We at Via Meadia haven’t been hesitant to use the word “Ponzi scheme” to describe mismanaged and underfunded state and local pension systems, but the Grey Lady has typically shied away from such evocative language. Not so in its latest piece on the Puerto Rico crisis by Mary Williams Walsh—a reporter who has done more than anyone else in the mainstream media to draw attention to the scale of the crisis of governance facing city councils and statehouses as pension systems come under increasing strain.
The teachers’ pension fund in Puerto Rico looks very much like a legalized Ponzi scheme — one that might hold a warning for teachers across America.
Puerto Rico, where the money to pay teachers’ pensions is expected to run out next year, has become a particularly extreme example of a problem facing states including Illinois, New Jersey and Pennsylvania: As teachers’ pension costs keep rising, young teachers are being squeezed — sometimes hard. One study found that more than three-fourths of all American teachers hired at age 25 will end up paying more into pension plans than they ever get back. […]
Pension funds are so short of cash that money contributed by working teachers basically flows straight out to retirees. None of Puerto Rico’s current teachers can expect to get their money back, because the fund is due to run out of money in 2018, long before they retire.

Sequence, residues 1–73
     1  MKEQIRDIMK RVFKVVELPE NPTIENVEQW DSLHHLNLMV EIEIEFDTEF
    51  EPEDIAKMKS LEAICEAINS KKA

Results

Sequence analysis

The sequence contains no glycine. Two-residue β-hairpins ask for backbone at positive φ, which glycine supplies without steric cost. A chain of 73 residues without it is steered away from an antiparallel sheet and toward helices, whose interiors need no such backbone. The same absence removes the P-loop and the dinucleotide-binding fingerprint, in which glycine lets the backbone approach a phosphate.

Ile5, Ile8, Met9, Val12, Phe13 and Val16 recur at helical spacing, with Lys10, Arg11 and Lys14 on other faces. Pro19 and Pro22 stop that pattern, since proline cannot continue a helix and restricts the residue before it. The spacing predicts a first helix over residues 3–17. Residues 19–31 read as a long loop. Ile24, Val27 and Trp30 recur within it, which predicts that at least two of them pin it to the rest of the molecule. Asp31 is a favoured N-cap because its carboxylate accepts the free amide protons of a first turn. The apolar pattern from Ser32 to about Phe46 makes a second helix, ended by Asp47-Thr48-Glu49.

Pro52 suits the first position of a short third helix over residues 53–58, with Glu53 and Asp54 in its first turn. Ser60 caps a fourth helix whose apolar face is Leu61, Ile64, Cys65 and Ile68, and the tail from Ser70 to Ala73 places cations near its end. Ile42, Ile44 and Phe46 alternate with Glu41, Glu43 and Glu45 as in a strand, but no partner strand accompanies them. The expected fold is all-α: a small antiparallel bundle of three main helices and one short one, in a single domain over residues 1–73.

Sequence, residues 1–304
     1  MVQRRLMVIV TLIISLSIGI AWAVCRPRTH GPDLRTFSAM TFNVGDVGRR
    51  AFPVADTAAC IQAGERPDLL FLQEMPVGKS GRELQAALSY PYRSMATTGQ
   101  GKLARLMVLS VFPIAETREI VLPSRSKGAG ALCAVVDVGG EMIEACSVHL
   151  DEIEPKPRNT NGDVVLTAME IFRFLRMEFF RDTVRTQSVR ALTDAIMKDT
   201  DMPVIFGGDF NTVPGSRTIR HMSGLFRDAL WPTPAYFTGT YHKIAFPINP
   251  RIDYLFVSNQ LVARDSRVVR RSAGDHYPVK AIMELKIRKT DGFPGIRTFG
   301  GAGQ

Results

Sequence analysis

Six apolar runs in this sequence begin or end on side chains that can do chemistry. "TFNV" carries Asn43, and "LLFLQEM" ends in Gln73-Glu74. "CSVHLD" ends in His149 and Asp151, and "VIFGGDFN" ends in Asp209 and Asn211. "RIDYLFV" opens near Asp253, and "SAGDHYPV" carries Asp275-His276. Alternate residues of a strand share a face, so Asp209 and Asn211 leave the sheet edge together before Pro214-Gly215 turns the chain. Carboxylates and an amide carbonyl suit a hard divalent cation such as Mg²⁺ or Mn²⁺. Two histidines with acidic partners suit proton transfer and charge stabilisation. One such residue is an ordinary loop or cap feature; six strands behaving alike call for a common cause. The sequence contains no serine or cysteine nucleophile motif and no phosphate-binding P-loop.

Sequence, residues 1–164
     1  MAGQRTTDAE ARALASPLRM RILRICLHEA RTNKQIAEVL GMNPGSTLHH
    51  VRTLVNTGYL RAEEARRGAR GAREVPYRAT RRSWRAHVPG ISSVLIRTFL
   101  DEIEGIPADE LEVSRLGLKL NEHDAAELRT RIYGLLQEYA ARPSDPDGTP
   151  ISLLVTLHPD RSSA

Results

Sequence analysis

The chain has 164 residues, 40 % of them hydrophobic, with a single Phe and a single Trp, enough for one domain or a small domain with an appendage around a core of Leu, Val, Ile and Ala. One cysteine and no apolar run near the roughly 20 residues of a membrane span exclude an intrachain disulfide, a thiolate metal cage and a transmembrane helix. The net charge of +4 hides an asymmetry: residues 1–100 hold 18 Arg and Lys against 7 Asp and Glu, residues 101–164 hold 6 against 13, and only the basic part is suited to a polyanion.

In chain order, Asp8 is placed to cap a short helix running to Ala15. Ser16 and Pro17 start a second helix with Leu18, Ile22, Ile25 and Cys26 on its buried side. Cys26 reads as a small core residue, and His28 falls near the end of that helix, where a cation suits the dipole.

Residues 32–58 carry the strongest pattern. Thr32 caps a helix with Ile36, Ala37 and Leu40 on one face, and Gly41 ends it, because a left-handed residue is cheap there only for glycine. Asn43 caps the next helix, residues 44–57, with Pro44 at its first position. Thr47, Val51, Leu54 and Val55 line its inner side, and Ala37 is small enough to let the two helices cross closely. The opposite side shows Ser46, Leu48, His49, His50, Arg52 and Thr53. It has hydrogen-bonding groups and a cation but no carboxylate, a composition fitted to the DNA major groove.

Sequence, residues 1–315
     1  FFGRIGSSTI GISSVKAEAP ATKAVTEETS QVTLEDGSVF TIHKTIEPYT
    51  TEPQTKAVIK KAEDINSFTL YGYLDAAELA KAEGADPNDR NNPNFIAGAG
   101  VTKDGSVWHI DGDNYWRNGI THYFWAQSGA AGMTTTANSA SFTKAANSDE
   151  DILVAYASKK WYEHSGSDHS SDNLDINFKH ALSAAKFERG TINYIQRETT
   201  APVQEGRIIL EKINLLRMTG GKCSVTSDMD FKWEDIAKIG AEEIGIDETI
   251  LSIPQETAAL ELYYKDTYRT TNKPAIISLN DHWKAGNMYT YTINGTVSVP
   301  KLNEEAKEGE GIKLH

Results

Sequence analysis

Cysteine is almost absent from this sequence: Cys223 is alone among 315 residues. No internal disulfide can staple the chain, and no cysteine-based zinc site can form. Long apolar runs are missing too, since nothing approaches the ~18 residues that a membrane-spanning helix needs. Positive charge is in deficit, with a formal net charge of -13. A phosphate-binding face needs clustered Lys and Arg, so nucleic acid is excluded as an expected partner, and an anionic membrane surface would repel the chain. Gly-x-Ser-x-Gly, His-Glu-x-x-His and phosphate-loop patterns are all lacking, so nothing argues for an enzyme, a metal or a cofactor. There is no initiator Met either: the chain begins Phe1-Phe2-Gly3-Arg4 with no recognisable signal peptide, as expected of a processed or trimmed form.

The defined benefit pension system could function in a world where the economy in a given city or state is guaranteed to continue to grow; where government actuaries could be counted on to be reliably honest about the state of pension fund assets and projected liabilities; and where the political power of public sector was sufficiently limited so that governments couldn’t be perpetually forced into unaffordable benefit expansions.
Sadly, none of these conditions obtain in the current political and economic climate. First, regional economies can be sure to expand and contract as new industries spring up and then fade away (think of Detroit). This leaves governments unable to support a large population of retirees on a diminished tax base. Second, many accounting rules and regulations that apply to private sector financial institutions are not in place when it comes to public sector pension funds. Many states base their pension forecasts on wildly unrealistic discount rates and rates of return. Finally, public sector unions have grown increasingly powerful and are in many cases the most influential interest group in blue state capitals. The pressure on legislators to maintain or expand overly generous pension benefits is unrelenting.
The best solution to this problem is to phase out defined-benefit pension systems and replace them with the type of 401(k) plans that are now the norm in the private sector. If they don’t, Puerto Rico-style crises are likely to proliferate on the mainland as well in the coming years and decades.